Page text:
The crew attempted to dig out C1 for 4 hours, during which time they were the target of enemy artillery fire. The Tank Commander, Lieutenant A J C Wheeler, was just about to order that the tank be abandoned when Private Brotherwood was killed, a fragment of a German shell severing his jugular vein. The remainder of the crew returned safely to their own lines and later recovered his body. He is buried at Pozieres British Cemetery.
In common with most soldiers who died in France and Flanders, Horace Brotherwood’s death attracted little attention. On 6 October 1916, the Woking News and Mail recorded “Mr and Mrs Brotherwood of 1 Elm View Villas, Goldsworth Road, Woking, have received news of the death, in action in France, of their son Pte H Brotherwood of the Heavy Section Machine Gun Corps. It is understood that Pte Brotherwood has been engaged with the famous tanks”. What they did not know was that Horace Brotherwood was the first tank driver to be killed in action.
Unlike most of the tanks which broke down or became ditched, Champagne was never recovered from the battlefield. Her picture subsequently was taken by Captain Frank Hurley of the Australian Army: Hulk of Tank C1, 1917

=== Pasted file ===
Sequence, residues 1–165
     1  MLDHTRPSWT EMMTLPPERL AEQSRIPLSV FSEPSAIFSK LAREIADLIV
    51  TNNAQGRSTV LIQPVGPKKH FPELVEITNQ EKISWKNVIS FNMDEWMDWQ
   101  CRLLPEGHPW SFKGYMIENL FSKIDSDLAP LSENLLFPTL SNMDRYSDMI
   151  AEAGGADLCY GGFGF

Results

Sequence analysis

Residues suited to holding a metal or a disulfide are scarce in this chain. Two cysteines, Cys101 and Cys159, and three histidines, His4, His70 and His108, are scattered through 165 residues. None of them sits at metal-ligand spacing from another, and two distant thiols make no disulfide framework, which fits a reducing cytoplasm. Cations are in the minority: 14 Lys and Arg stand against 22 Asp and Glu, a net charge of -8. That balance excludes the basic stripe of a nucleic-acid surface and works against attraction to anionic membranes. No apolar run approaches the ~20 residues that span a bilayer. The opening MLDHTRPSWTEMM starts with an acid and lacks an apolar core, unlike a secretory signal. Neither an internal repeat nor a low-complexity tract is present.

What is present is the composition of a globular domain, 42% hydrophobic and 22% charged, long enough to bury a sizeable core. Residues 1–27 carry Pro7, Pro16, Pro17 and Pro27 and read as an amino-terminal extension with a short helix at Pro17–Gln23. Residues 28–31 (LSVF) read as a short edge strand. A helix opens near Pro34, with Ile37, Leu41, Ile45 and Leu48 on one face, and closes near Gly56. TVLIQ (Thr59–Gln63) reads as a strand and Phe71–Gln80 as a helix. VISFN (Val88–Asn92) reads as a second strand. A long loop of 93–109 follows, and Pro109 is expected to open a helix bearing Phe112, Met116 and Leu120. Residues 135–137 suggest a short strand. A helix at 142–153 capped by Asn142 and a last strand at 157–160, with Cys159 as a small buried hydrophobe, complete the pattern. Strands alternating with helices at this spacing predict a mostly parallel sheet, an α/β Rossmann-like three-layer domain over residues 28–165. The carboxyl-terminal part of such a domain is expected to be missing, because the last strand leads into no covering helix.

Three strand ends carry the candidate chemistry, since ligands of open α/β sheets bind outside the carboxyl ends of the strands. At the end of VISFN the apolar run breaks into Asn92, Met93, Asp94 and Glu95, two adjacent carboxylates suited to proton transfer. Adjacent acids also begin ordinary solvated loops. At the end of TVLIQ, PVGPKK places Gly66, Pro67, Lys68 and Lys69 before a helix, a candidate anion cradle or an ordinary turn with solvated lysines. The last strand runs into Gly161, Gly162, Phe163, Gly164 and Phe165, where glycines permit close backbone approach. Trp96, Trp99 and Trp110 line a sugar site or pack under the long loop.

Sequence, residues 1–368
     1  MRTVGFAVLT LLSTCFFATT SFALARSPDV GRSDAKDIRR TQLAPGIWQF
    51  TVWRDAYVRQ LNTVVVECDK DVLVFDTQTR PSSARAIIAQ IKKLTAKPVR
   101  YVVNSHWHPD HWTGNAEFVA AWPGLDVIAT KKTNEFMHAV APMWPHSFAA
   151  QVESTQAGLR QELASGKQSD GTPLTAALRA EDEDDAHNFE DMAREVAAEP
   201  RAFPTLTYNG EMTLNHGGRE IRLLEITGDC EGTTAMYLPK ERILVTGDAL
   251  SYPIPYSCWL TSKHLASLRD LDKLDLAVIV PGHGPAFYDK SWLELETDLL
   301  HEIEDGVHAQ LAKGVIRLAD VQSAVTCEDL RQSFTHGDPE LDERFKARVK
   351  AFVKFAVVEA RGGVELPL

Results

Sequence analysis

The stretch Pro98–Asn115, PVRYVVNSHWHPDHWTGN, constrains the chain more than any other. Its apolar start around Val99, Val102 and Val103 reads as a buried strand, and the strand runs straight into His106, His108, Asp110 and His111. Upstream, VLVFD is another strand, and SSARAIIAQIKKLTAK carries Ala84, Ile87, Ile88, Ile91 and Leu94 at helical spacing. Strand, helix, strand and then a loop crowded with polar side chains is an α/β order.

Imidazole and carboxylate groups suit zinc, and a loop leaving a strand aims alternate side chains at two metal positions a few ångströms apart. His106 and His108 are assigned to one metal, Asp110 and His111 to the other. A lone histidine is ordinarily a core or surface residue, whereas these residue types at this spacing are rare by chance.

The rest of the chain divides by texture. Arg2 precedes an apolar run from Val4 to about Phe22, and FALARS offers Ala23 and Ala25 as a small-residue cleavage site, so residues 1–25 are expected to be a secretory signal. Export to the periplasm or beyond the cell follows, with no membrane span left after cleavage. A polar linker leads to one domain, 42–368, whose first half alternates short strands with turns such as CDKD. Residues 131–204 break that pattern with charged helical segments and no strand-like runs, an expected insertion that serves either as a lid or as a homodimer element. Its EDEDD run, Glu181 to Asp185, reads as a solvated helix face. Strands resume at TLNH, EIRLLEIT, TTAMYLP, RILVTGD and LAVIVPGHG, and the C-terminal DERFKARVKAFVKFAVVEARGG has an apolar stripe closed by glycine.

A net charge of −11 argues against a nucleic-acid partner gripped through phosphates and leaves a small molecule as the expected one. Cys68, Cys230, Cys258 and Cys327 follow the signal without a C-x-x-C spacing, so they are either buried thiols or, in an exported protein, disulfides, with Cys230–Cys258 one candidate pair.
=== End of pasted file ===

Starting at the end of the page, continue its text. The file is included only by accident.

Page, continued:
Sergeant Frederick John Saker was born on 3 September 1890. He was the youngest son of an agricultural labourer, Henry Saker. Fred later lived in Aldershot whilst working as a grocer’s assistant. In 1915 he enlisted at Bisley, stating his occupation as shop assistant and address as New Lodge, Claremont Park, Esher. He deployed to France, with the C Company advance party, on 16 August 1916 and he remained with C Battalion on its formation. He fought at the Battle of Arras as a member of No. 8 Company. On 9 April 1817, he was a member of the crew of tank C26; the male tank ditching before it reached the British front line. Fred was awarded the Military Medal for conspicuous gallantry and devotion to duty. “During the capture of Monchy-le-Preux, on April 11, 17, this NCO served his gun with the greatest coolness and effect. When his tank broke down under a very severe artillery barrage, he remained with it, using every effort to get it moving again. When the tank had to be abandoned, he showed great courage and resource in consolidating a trench under heavy fire.” He fought at the battle of Cambrai after which he was granted UK leave and married Lizzie Edwards at Woking Parish Church on 11 December 1917. Returning to his unit, he was admitted to hospital on March 18 1918, suffering from what was to become known as Spanish flu; he therefore missed the “Kaiserslacht” (the major German offensive of Spring 1918), but was sent back to C Battalion on 27 April where he served with B Company. He was not promoted Sergeant again until 24 September, when he was appointed Company Quartermaster Sergeant of B Company. He was granted UK leave soon after the Armistice and demobilised in February 1919, settling at his wife’s home at 115 High Street, Old Woking. Their only daughter, Myrtle, was born on 5 May 1920. Fred worked as a buyer for 14 Co-op grocery shops around Woking, He died, aged 88, on 5 November 1978 whilst staying with his daughter near Nottingham (family information provided by Les Crow and Keith Wickham).